Pusha T “Lunch Money”: Kanye West–produced new song has the rapper making minced meat of his competitors (AUDIO).

Pusha T Is out to Take His Competitors’ “Lunch Money” on New Kanye West–Produced Track

Pusha T Is out to Take His Competitors’ “Lunch Money” on New Kanye West–Produced Track

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Slate's Culture Blog
Nov. 18 2014 4:19 PM

Pusha T Is out to Take His Competitors’ “Lunch Money” on New Kanye West–Produced Track

Kanye West and Pusha T in 2011.

Photo by Daniel Boczarski/Getty Images for VEVO

Last year, Pusha T released his long overdue debut solo album, My Name Is My Name, one of the best albums of 2013. He’s spent most of 2014 in the studio with Pharrell and Chad Hugo—better known as the Neptunes—cooking up its follow-up, King Push. (He also briefly emerged earlier this year with my favorite verse on Future’s “Move That Dope.”) When that album will drop is anyone’s guess, but a newly released song hints that it might be closer than we think. Last night, fans spotted a new Pusha T song called “Lunch Money” in the Google Play store that seems to have been uploaded accidentally (it was removed shortly thereafter). But, according to Funkmaster Flex, who premiered the song today, it’s legit. And it finds Pusha T completely locked-in over a bonkers Kanye West–produced beat.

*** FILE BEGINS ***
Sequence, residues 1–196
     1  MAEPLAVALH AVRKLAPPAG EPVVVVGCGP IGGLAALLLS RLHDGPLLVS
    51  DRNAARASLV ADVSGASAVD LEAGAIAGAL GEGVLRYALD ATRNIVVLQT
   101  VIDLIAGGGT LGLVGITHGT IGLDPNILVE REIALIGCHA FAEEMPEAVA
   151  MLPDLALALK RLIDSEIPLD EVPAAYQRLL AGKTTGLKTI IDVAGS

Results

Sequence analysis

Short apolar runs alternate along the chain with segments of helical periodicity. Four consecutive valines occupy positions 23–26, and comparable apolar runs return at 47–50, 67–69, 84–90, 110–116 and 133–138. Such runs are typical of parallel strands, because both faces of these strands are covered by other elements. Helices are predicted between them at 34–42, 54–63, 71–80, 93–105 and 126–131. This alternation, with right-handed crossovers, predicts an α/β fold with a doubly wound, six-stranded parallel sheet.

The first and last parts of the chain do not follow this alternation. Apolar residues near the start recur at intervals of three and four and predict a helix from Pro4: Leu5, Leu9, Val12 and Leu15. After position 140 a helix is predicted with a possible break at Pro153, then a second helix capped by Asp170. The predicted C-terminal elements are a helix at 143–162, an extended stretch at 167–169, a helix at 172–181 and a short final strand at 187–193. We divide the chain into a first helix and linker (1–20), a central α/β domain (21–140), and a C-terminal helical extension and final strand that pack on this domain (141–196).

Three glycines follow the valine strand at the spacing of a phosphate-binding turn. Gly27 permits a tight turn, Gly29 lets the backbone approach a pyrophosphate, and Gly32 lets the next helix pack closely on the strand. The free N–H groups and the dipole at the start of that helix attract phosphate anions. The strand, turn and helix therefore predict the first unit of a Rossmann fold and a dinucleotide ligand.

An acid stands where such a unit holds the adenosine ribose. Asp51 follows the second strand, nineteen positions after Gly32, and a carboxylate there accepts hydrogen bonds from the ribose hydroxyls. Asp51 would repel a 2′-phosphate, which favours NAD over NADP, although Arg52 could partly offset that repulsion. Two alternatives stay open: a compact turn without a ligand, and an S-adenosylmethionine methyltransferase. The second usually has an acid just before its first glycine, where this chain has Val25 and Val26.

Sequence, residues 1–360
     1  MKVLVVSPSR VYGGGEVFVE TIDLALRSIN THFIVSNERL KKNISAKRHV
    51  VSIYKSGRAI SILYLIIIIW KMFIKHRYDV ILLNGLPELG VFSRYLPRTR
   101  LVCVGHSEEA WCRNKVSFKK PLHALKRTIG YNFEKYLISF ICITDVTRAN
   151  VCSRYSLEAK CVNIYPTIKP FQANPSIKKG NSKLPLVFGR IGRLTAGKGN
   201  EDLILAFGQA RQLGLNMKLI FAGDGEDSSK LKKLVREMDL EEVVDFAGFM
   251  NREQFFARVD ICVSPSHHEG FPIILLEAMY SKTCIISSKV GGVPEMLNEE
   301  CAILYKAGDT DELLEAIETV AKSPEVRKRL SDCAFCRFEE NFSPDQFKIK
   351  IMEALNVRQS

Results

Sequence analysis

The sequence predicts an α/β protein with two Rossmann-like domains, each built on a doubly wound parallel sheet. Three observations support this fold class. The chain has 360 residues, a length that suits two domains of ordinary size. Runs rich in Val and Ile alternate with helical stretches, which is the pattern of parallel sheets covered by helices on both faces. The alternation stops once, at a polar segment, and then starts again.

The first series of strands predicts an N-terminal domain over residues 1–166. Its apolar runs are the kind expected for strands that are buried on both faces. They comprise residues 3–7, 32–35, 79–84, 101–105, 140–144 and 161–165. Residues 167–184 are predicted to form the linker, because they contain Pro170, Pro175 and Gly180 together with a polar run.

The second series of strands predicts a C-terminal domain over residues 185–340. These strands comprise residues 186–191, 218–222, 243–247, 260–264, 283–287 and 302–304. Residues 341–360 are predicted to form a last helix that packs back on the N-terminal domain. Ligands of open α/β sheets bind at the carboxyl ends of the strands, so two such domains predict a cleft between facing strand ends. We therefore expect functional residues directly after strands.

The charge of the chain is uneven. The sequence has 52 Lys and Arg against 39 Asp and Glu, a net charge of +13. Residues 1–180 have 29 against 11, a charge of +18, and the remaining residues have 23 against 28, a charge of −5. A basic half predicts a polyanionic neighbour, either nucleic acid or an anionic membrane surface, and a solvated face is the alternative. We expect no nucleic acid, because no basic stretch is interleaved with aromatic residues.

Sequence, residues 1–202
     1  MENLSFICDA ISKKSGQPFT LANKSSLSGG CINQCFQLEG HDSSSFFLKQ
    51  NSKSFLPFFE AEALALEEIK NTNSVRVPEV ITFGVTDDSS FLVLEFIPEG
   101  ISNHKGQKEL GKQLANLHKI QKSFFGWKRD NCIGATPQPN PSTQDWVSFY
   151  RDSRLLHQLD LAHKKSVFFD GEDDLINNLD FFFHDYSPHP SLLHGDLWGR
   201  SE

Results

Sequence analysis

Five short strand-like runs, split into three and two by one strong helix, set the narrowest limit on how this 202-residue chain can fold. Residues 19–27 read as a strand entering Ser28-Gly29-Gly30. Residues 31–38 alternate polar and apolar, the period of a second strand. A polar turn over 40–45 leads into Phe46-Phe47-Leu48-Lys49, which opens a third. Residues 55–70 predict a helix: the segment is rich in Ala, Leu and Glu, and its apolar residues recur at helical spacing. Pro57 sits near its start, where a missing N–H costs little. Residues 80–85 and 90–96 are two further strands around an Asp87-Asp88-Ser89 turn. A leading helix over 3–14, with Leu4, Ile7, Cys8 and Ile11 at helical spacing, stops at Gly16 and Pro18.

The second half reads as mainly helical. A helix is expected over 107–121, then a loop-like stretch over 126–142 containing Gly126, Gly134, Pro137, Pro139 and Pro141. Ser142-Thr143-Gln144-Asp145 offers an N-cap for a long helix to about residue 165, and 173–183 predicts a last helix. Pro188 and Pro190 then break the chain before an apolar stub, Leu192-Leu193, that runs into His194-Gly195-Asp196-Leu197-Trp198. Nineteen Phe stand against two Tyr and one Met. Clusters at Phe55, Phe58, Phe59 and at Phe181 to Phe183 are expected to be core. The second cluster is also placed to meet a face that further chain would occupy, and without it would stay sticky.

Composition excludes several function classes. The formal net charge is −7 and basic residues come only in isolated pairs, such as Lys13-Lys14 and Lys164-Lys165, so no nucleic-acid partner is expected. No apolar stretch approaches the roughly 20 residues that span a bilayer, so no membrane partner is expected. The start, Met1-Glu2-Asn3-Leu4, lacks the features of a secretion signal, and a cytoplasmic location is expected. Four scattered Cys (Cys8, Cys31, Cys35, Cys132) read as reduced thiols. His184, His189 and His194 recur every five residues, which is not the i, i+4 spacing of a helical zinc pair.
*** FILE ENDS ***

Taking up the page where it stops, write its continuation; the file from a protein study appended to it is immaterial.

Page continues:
“I’m the only dope boy quotable,” Pusha says in the song’s first verse—a reputation he’s maintained since he first declared himself “yo’ pusha” on Clipse’s “Grindin’” over a decade ago. And he keeps up his typically brash lyrical onslaught for the whole of “Lunch Money”: “If the crown ain’t mine, tell me who am I behind?” he raps. Pusha’s verses alone would have been enough to make this stand above most of the rap tracks I’ve heard this year, but Kanye West’s brilliant, unpredictable production elevates Pusha’s rhymes even further. The beat is a Frankenstein’s monster of noises that sound like they could’ve been sampled from the Nintendo game Pusha references (Contra) and slides after a couple of minutes into an old-school hip-hop–flavored sample. (Spin notes the sample could be Gang Starr’s “Just to Get a Rep”).


It’s a credit to Pusha’s technical finesse that he was able to even match his flow to such a warped instrumental. If this is what King Push has in store for us, get ready to empty your pockets.

Dee Lockett is a writer for Vulture and a former Slate editorial assistant.